The RPi has a number of options for connecting to other devices including a serial interface using a universal asynchronous receiver/transmitter (UART) over the General-purpose input/output (GPIO) interface. The UARTs is used with communication standards such as EIA, RS-232, RS-422 or RS-485. The universal indicates that the data format and transmission speeds are configurable. The electric signalling levels and methods (such as differential signalling etc.) are handled by a driver circuit external to the UART. The GPIO on the Raspberry Pi is used to provide an interface to the world, it provides the following functionality through the double row of 26 pins.

  • Genuine GPIO (General Purpose Input Output) pins - 
  • I2C interface pins 
  • SPI interface, a similar concept to I2C but a different standard
  • Serial Rx and Tx pins for communication with serial peripherals
The Serial Peripheral Interface (SPI) bus is a synchronous serial data link, that operates in full duplex mode. It is used for short distance, single master communication, for example in embedded systems, sensors, and SD cards.Devices communicate in master/slave mode where the master device initiates the data frame. Multiple slave devices are allowed with individual slave select lines

I2C (Inter-Integrated Circuit) is a multimaster serial single-ended computer bus. It uses only two bidirectional open-drain lines, Serial Data Line (SDA) and Serial Clock Line (SCL). The I2C reference design has a 7-bit or a 10-bit address space.

I will be looking at uses of SPI and I2C later in another posting.

Signalling levels

Different signalling technology uses different voltages to indicate a logical '1' or '0', along with different device designs. For example RS232 uses a signal between +3v and +25v for a '1' and -3v and -25v for a '0' and RS485 uses a voltage differential.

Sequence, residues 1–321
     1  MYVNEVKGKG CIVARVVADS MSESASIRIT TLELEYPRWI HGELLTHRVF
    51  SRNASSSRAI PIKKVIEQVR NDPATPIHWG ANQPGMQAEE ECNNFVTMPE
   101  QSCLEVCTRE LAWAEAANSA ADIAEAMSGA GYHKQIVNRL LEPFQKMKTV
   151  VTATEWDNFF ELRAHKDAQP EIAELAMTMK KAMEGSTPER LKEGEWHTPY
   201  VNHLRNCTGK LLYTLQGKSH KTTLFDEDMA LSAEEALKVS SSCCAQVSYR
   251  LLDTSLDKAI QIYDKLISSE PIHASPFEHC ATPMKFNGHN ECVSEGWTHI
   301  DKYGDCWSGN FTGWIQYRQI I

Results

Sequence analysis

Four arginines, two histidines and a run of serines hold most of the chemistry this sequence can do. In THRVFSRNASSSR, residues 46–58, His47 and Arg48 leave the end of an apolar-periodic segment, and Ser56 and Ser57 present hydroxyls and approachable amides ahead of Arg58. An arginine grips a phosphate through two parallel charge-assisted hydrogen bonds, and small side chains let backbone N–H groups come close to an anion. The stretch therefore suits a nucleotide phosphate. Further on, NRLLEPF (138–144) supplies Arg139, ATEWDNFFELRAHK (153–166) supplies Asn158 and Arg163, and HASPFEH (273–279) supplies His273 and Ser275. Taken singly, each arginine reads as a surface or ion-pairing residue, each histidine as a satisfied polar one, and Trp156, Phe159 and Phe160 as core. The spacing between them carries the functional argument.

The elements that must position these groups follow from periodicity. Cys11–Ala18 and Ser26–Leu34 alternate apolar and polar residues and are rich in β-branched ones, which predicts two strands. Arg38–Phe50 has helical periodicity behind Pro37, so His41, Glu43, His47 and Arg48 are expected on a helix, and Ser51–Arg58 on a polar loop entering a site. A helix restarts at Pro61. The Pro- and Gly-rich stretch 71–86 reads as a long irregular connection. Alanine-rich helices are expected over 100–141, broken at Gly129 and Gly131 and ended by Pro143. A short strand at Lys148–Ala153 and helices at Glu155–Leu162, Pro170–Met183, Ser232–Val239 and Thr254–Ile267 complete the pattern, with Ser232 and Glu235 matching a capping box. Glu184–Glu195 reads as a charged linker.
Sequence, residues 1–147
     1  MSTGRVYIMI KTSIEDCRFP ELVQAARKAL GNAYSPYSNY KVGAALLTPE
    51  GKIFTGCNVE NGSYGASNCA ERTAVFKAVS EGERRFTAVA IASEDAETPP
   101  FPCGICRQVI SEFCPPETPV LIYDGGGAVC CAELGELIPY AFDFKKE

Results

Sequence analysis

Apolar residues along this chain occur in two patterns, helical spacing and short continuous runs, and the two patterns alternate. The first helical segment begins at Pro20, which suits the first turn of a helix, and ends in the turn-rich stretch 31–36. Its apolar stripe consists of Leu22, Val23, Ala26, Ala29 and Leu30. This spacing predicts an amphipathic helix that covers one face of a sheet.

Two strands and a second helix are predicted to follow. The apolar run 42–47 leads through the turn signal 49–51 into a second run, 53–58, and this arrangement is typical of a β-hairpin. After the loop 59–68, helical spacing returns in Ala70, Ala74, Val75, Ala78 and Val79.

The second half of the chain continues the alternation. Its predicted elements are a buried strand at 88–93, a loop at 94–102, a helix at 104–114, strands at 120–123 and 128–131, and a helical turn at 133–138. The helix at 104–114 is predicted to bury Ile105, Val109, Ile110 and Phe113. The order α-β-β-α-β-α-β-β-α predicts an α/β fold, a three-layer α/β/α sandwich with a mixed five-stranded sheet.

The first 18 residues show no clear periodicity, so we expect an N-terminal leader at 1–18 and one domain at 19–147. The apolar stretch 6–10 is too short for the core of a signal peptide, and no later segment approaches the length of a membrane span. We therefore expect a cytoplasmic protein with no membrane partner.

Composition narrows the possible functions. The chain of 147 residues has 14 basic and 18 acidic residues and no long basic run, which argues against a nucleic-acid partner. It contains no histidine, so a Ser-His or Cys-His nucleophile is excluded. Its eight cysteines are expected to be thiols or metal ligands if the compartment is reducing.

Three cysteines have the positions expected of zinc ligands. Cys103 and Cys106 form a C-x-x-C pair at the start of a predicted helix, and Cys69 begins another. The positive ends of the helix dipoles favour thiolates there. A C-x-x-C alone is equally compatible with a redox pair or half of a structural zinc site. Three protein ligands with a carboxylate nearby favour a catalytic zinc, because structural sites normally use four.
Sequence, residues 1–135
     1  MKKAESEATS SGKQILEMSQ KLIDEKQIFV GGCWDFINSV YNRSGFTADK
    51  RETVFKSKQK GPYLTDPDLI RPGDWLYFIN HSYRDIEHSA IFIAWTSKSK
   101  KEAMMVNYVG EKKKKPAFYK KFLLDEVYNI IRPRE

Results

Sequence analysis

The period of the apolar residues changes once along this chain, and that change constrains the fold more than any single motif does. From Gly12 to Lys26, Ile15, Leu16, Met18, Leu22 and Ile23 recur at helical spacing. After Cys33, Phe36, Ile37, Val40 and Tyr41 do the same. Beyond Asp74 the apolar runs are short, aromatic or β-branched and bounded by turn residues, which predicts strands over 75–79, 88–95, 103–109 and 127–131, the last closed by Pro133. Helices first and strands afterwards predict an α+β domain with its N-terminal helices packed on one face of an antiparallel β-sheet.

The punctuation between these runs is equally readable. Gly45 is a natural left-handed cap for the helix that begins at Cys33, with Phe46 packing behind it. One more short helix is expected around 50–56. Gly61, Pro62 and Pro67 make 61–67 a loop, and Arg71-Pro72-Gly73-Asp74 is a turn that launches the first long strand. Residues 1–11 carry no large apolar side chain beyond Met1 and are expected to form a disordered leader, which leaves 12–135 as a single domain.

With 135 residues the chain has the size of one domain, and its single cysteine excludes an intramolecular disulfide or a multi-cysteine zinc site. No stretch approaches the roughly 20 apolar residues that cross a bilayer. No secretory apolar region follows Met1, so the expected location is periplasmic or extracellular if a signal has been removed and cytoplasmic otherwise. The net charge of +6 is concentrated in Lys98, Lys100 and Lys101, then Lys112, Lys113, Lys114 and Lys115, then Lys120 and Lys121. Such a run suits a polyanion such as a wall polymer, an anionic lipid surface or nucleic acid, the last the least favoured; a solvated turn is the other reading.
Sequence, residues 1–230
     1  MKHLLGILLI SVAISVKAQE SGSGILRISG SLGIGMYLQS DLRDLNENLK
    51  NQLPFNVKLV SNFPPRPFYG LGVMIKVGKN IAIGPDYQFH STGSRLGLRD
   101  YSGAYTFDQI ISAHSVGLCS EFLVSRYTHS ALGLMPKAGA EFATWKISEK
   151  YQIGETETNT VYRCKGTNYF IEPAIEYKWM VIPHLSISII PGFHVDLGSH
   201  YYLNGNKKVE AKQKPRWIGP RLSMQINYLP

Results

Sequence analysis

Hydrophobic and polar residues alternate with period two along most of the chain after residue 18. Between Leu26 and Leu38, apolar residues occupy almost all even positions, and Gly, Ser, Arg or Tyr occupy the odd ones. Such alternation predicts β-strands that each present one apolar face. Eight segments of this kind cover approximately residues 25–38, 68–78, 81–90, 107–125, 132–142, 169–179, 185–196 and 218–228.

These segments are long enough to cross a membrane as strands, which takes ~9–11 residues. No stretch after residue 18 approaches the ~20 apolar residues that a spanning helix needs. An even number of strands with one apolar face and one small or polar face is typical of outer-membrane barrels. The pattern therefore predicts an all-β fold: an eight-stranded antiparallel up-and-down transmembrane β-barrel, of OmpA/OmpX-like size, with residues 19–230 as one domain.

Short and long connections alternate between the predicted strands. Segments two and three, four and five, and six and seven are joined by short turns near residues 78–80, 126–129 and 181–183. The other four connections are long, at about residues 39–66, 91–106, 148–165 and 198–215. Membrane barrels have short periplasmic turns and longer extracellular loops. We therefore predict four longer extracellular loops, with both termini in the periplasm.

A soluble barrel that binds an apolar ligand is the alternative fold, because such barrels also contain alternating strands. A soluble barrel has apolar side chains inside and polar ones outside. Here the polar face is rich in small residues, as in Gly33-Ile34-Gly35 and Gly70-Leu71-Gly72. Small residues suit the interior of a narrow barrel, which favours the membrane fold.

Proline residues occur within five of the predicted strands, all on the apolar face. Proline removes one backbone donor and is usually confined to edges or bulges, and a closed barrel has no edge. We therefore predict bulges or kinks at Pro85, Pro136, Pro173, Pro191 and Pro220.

Device Logic '1' Logic '0'
RPi +3.3v 0v
Arduino(*) +5v 0v

(*) Most Arduino are 5v, a few may be 3.3v

When using sensors for the Arduino with the RPi then you need to care with the signal voltages to prevent damage to the RPi.

Voltage warning

The RPI although having a 5V supply operates on 3.3v and connecting devices that use other voltages can damage the RPI board and components. Care must be taken when interfacing to other devices. The signalling voltages can damage the RPi and in particular if a power feed is used from another device this can damage the RPi as well.

When interconnecting devices and sensors to the RPi, care is required to ensure compatible voltage levels are used, and if necessary if voltages levels cannot be matched a logic level converter might be required such as the Sparkfun Logic Level Converter https://www.sparkfun.com/products/11978, I have a number of these myself and I do recommend them, however there are other devices and other methods of connecting different signalling voltages.

Powering the RPi through the GPI

It is possible to supply a 5v power connection on the GPIO pin. BUT, it has no backward protection and it was not really designed to be a 5volt input pin. The 3.3v pin can also be powered with 3.3v as the regulator has build in protection, but again it leaves your BCM2835 unprotected! Typically any power pins on GPIO area are used to power extended circuits.

Often this will be done as part of building a headless node (no keyboards, mouse or monitor) allowing the RPi to be powered via a serial interface or other connection.

One man's TX is another man's RX

I have often seen comment that when people have connected TTL to USB leads they had to switch the signal leads around. When connecting devices and leads together you can't just connect the labels. It needs a bit of thought.

A Transmission (TX) needs to be received (RX) and for two way communication, the remote TX needs to be connect to the local RX, this requires a crossover in the connection.


This can be combined with a logic level converter, when connecting pay attention to the direction of signal possible through the logic level converter, some channels may be unidirectional, others may be bidirectional.



RPi and 2 slices of serial

The RPi can use the serial connection in two modes


  • Console access
  • Serial Communication

Problems in using serial with other devices